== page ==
“We are also in development of a non-PE bio coating that is patent-pending for a technology that we feel will have a significant opportunity to enhanced fertilizers,” Ivan revealed. “This technology is down in our pipeline but has had interest from fertilizer companies interested in a solution in this space.”


The core development within Soilgenic has been its innovative iNprove NBPT production process. “This is, quite frankly, the most significant enhanced efficiency development to the industry for producers and for farmers.


“We know NBPT is up to 96 percent effective at reducing above-ground volatilization loss. Our process will lower the cost by 50 percent, which will allow for the economical adoption of our iNprove NBPT. We will also allow our customers to take control of their supply chain with localized production.”


Ivan is aware of the concerns of agri-retailers. With 32 years as an expert within the global fertilizer industry, he also possesses extensive experience in fertilizer retail, manufacturing, and international business development.


The company’s EEF distribution strategy allows its customers to work within their own manufacturing and distribution network—focusing on an upstream granulation and downstream retail distribution.


Upstream: additions to fertilizer manufacturing will create new EEFs for mass and economical adoption and efficient distribution.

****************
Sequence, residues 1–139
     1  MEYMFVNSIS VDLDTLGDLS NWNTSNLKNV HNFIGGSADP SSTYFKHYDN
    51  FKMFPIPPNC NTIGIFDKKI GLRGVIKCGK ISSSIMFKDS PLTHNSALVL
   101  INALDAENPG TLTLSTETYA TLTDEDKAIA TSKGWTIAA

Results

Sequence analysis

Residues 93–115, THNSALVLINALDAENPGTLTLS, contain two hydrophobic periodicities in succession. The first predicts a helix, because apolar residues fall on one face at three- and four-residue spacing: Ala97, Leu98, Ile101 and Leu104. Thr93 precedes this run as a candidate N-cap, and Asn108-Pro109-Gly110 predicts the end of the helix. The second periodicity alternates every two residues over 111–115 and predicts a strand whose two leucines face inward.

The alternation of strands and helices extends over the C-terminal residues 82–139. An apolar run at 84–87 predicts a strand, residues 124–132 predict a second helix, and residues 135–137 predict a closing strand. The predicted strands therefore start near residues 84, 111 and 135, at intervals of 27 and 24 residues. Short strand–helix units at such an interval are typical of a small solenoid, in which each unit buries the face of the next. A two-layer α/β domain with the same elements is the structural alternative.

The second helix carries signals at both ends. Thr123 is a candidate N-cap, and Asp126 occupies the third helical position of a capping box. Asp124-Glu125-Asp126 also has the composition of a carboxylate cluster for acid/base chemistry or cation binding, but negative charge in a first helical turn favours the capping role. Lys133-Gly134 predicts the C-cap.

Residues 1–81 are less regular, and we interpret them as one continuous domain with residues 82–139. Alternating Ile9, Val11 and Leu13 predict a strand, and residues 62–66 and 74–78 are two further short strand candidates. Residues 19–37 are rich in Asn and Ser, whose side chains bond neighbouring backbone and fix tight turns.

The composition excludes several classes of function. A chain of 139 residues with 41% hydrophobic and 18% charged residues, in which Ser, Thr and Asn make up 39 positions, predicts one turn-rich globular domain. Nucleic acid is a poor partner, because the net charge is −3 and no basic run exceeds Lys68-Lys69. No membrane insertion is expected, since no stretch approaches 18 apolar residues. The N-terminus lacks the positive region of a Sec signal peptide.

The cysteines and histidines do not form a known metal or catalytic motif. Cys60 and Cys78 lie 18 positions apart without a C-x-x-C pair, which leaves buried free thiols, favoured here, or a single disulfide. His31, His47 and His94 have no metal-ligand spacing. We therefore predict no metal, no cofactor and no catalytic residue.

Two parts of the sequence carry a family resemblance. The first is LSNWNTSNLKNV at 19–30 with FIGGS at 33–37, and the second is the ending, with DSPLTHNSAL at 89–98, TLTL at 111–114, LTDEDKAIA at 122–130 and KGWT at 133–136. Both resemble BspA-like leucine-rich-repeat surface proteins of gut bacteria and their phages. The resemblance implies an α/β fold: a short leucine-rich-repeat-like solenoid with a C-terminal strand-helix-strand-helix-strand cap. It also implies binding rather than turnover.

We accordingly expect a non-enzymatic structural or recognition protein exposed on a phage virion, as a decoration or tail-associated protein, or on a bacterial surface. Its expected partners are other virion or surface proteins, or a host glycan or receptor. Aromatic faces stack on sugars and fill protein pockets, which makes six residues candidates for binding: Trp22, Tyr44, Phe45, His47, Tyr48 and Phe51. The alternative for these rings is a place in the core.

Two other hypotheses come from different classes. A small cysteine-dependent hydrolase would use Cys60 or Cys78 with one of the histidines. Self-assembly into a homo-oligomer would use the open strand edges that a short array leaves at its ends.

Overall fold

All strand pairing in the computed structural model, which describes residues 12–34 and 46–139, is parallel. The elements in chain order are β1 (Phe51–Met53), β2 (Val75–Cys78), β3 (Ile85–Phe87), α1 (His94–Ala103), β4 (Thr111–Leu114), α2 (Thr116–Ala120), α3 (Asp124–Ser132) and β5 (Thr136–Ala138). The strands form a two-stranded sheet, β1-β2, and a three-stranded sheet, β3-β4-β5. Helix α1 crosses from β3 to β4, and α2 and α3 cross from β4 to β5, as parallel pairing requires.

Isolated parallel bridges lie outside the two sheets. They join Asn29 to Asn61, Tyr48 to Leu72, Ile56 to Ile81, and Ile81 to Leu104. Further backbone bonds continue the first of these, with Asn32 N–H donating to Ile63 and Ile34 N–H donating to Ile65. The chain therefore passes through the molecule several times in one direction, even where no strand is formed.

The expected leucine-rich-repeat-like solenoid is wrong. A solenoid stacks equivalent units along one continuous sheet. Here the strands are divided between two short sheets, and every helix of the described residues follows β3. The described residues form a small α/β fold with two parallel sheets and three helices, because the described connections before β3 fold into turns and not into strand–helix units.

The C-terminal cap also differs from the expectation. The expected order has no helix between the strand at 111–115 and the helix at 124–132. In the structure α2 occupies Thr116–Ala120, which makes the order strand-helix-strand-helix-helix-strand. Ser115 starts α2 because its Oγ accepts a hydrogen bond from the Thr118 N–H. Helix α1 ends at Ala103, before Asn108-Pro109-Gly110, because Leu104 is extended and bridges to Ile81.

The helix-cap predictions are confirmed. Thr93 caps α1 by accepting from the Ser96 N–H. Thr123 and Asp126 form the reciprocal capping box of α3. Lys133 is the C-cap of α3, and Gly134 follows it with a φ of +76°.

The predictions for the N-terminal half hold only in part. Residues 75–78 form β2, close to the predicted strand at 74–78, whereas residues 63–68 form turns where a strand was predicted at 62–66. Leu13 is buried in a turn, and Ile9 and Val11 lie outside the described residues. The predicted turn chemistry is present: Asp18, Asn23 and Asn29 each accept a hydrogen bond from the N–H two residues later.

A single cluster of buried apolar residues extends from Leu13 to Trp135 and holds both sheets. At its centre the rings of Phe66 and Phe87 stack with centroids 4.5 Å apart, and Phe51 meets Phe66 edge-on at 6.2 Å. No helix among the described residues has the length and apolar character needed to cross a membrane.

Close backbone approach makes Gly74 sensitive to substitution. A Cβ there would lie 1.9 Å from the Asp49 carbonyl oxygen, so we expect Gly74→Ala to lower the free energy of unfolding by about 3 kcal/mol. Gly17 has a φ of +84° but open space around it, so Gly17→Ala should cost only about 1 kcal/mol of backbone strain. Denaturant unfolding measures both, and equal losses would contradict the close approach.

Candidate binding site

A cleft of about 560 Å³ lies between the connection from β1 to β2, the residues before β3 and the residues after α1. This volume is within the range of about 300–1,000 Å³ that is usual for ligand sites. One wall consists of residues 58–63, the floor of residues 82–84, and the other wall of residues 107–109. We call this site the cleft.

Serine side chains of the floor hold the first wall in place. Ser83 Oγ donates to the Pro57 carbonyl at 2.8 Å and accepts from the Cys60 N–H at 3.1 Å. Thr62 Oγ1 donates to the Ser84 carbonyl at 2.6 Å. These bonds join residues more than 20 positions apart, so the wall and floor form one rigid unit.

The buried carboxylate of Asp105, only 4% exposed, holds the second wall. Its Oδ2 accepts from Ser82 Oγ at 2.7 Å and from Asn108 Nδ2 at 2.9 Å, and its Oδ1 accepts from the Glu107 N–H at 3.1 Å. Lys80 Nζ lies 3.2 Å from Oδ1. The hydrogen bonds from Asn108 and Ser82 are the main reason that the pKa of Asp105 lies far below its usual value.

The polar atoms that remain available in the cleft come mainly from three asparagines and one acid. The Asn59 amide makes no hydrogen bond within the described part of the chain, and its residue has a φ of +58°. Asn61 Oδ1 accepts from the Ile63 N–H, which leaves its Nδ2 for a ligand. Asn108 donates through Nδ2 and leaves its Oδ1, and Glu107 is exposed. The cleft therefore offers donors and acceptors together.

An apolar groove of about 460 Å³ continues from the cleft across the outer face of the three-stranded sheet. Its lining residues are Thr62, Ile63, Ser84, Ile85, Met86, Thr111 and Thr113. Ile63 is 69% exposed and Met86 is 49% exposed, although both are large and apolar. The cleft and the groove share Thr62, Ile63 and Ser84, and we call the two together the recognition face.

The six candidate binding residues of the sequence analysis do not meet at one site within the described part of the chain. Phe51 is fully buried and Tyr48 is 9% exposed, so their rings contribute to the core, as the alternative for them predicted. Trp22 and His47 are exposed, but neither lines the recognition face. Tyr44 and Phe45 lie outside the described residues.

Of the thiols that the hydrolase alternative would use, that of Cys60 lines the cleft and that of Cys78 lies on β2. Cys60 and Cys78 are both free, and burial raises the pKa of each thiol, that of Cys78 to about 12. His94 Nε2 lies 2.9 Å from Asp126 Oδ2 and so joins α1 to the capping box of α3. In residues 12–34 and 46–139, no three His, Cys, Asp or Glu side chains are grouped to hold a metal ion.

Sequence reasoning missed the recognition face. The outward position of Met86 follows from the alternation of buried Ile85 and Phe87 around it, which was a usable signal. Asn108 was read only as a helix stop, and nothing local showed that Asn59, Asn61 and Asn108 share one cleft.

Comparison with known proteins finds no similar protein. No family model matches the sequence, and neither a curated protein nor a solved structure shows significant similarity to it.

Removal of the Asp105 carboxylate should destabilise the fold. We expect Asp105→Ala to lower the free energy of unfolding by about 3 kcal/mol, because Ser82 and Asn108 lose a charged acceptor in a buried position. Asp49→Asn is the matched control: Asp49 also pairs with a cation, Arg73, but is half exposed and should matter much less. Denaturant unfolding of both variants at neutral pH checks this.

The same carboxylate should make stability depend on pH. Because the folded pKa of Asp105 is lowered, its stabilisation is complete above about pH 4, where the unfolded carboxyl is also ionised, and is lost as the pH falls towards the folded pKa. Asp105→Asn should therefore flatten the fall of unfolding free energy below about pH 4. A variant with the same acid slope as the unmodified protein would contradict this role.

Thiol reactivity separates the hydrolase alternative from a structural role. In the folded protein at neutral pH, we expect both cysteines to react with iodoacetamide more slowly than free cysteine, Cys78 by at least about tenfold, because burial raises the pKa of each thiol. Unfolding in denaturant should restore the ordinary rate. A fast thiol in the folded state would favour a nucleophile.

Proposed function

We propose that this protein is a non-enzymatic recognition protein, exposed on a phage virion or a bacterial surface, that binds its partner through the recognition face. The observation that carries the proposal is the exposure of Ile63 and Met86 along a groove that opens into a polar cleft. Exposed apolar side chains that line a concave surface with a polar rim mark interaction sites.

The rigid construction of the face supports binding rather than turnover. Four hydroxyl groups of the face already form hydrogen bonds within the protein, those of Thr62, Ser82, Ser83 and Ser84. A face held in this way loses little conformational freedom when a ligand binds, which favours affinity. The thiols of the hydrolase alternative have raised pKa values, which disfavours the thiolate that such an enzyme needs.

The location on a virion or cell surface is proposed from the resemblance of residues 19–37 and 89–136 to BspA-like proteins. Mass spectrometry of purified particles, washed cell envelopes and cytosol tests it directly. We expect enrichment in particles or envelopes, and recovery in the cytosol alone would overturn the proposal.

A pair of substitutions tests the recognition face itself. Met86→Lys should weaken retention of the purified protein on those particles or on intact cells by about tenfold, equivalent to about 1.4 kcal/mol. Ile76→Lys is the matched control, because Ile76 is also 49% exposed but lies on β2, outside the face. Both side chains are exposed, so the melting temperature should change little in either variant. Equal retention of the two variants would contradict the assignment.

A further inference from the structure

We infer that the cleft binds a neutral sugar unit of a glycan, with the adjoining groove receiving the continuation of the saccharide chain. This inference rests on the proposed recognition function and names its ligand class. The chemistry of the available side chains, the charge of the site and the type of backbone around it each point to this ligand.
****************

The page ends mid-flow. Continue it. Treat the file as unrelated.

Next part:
Downstream: a full suite of new improved EEF technologies will allow fertilizer coating at the retail level, specific for the fertilizer source and customer requirements.


So, with a potential to lose 40 percent nitrogen and up to 90 percent of phosphate unused in the year of application, Soilgenic’s Climate Smart Technologies are EEF formulation products that are added to alter the reactions that reduce nutrient losses to the environment—both above- and below-ground nutrient loss.


And, because of increased fertilizer use efficiency, more nutrients can be taken up by the crop to increase the crop yield.


Behind the Soilgenic technology are patented formulations that work to prevent nitrogen loss from occurring from volatilization, leaching and denitrification. Phosphate efficiency is improved through the patented Phosgain technology that creates a negatively-charged protective shield around the phosphate that acts as a barrier to prevent soil tie up with cations in the soil.


Soilgenic’s downstream retail solutions for enhanced nitrogen efficiency are unique formulations with the highest concentrations of active ingredients in the industry and are specific for each nitrogen source.

These trademarked products are:

  • VisioN, Soilgenic’s newest EEF technology is a high analysis, cold weather enhanced formulation for UREA with superior protection for volatilization, leaching and denitrification including a formulation that provides complete nitrogen loss for above and below ground protection.
  • Diamond-N, a fully soluble UAN formulation that does not settle out allowing for the addition of UAN at the retail facility. It offers a 30 percent lower cost.
  • DRIVE-N, a noncorrosive formulation for Anhydrous ammonia EEF performance—available with phosphate soil enhancement and micronutrient additives.
  • N-BOUND Ammonia Nitrogen Stabilizer, provides protection for ammonia-based fertilizers such as DAP and MAP phosphates and Ammonium sulphate.